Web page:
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As some of you know, Wyndham program has announced that on February 11th they will implement award category changes. What will the changes be like? Nobody knows, but I can bet my tiny Wyndham stash they won’t be good. Well, unless you like to stay in the boondocks. Sure, going forward some properties will cost 7,500 points instead of 15,000. But you probably will not want to vacation in them.
In all fairness, Wyndham program has lost most of its luster last year when they doubled the points cost on their most desirable properties. The majority of folks have given up on it, and for a good reason.
I never really went out of my way to earn Wyndham points on everyday spending via its co-branded credit card. However, I held on to it since I’ve been able to collect 15,000 points for $69 annual fee, which translated to 0.46 cents per point (no longer available for new signups). Cheap as I may be, this seemed like a good deal despite the brutal devaluation of 2019.
But I may end up dumping the card once and for all, depending on what the changes will look like on February 11th. In the meantime I had 15,000 points in the account, which I wanted to use up. But where? Fortunately, a decent opportunity has presented itself: Hawthorn Suites by Wyndham West Palm Beach.
Is it a fancy resort? Nope. Is it in a prime beachfront location? Again, nope. But I was looking to reserve something in the area anyway and was planning on possibly going AirBnB route. But then it dawned on me. Why spend cash when I have these Wyndham points that might not be worth much in a few weeks? I was able to reserve a suite for 15,000 points, and there is a full breakfast included. Boom.
So, before you start planning new (expensive) trips, I recommend you take a look at your existing plans. Maybe save Hyatt points and burn your Wyndham stash instead. You can always cancel if you change your mind down the road. One thing I can guarantee with absolute certainty is that your Wyndham points will be worth less on February 11th.
For those of you rare species who don’t currently have any travel plans, and are looking for inspiration to maximize your existing Wyndham stash, here are a few suggestions. Keep in mind, I’m writing with a “family travel” angle in mind.
There are quite a few decent deals on Big Island, Kauai and Oahu. At the moment, all still cost 15,000 points per night, and I’ll bet you anything they will be on the chopping block. Keep in mind that 2-night minimum stay is required.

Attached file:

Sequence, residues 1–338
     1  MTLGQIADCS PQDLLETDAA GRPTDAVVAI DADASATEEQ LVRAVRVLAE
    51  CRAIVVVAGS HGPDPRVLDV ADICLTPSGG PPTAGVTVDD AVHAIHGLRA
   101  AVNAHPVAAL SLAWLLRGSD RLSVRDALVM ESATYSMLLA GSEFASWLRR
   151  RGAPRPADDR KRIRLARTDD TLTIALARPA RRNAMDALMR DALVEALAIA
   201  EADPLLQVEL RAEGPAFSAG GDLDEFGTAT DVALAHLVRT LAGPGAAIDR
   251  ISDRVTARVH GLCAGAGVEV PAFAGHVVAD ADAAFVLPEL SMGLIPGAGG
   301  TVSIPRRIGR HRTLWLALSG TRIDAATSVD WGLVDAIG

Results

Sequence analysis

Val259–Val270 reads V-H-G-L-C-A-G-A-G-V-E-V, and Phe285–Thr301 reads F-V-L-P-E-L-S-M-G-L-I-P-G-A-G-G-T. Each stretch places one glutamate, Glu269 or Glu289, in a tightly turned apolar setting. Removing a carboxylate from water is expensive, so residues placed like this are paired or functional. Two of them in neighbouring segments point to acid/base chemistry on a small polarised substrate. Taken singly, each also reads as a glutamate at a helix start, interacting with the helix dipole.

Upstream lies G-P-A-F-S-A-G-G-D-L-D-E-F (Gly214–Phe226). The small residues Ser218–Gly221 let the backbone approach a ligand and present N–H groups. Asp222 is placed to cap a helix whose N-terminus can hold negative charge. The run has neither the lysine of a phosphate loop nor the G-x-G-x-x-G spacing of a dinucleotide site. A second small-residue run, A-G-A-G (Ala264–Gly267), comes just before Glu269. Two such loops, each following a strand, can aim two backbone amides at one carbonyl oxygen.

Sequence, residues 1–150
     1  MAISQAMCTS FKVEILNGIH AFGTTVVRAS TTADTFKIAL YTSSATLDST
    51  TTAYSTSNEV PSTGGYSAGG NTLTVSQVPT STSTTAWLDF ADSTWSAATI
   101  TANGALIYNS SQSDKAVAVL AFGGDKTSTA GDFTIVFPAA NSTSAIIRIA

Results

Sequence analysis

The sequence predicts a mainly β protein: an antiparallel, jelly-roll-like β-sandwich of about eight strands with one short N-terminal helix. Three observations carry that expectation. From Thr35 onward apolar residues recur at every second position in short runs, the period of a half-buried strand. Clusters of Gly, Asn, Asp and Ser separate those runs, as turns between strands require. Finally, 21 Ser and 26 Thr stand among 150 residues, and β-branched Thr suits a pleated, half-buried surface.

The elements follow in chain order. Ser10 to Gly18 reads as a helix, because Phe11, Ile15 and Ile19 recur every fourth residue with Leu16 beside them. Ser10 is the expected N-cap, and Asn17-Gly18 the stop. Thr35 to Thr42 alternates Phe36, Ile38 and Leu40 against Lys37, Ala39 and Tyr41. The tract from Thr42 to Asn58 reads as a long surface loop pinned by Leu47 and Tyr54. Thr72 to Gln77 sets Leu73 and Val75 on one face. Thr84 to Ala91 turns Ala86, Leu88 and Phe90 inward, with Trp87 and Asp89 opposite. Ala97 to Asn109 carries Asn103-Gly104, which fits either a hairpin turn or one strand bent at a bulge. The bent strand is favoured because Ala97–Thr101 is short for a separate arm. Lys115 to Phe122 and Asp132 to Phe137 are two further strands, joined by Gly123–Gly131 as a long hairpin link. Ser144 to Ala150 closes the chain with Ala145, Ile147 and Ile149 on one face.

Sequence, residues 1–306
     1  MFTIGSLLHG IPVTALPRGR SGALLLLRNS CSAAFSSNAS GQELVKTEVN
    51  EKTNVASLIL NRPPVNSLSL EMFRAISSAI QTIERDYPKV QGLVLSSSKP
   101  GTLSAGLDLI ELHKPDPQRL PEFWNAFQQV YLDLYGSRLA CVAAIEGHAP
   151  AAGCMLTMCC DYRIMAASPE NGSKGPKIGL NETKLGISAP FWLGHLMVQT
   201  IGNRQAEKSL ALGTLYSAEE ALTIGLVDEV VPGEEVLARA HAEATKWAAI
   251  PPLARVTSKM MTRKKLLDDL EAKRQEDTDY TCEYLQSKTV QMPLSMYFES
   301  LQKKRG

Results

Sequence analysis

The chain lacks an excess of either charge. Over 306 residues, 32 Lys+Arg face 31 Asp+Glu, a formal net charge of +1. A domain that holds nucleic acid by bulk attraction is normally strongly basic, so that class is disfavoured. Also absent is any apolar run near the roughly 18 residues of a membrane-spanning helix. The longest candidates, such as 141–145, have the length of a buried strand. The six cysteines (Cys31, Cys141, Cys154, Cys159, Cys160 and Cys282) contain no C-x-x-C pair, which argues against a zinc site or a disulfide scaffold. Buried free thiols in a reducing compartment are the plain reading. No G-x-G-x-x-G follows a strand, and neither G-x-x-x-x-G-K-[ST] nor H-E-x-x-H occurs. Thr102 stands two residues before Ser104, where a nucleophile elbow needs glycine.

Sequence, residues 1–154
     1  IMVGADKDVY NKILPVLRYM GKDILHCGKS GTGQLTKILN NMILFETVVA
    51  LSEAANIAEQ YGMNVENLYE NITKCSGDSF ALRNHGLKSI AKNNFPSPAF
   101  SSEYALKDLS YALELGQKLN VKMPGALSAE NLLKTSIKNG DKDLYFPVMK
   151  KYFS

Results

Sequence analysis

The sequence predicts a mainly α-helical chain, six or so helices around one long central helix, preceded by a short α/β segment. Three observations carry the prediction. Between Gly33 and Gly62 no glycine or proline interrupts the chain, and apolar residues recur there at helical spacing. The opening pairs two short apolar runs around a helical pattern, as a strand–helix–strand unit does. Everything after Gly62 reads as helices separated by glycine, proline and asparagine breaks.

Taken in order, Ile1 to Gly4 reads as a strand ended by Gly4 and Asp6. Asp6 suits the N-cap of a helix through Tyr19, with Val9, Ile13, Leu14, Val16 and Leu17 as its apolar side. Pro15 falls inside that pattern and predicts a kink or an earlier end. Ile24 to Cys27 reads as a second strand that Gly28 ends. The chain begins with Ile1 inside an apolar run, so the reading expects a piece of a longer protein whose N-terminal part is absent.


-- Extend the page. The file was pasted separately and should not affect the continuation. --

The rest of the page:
These are one-bedroom condos, so parents can have much needed privacy. Some properties have terrible availability, like Club Wyndham Waikiki Beach Walk
But if you can make the dates work and don’t mind staying in Waikiki, you’ll be making out like a bandit. At least where CPP is concerned.
Kauai Coast Resort at the Beachboy has a much better award availability, and the property looks really nice. I would not hesitate to stay there. Keep in mind that you can often use 6,000 points per night to book a two-bedroom condo at a fairly reasonable rate:
None of this is enough to tempt me to plan yet another trip to Hawaii this year. I would love to, but we will hopefully be stopping in Oahu for four nights on our way to Japan in a few months. And guess what? I’m actually paying cash for an apartment in low-key Kailua. I simply don’t like the idea of spending my precious Hawaii time in Waikiki, and no hot deal is enough to tempt me to stay somewhere I don’t like.
2) San Francisco
It’s no secret that San Francisco is an extremely expensive hotel market. Fortunately, Wyndham has a good presence here. While availability can be very spotty at some properties, it is possible to score a gem now and again. Here are just a few examples:
The last one isn’t as hot of a deal as the first two properties. Still, it’s worth considering since rooms have two king beds, and there is a mediocre breakfast included. Bottom line: if you are going to San Francisco in a near future and have Wyndham points sitting around, use them here.
3) Any popular US national park in the summer
I’ve written a detailed post on logistics of using hotel points near Yellowstone and Glacier. Those hotels cost $250+ per night during peak season. Here are just a few examples: Super 8 Jackson Hole , Super 8 Gardiner/Yellowstone
I haven’t stayed in either one personally, but reviews seem pretty good. And again, lodging is so expensive near Yellowstone during the summer, paying 15,000 soon-to-be-devalued Wyndham points seems like a bargain.
The above is by no means an exhaustive list, but just an inspiration to dig deeper in order to find those rare Wyndham gems. They do still exist, though probably not for long. As always, I don’t recommend sitting on a pile of hotel points, waiting for that perfect redemption. Go for “good enough” and you will never be disappointed.
Readers, where are you burning your Wyndham points?
Opinions expressed here are author’s alone, not those of any bank, credit card issuer, hotel, airline, or other entity. This content has not been reviewed, approved or otherwise endorsed by any of the entities included within the post.
Leana is the founder of Miles For Family. She enjoys beach vacations and visiting her family in Europe. Originally from Belarus, Leana resides in central Florida with her husband and two children.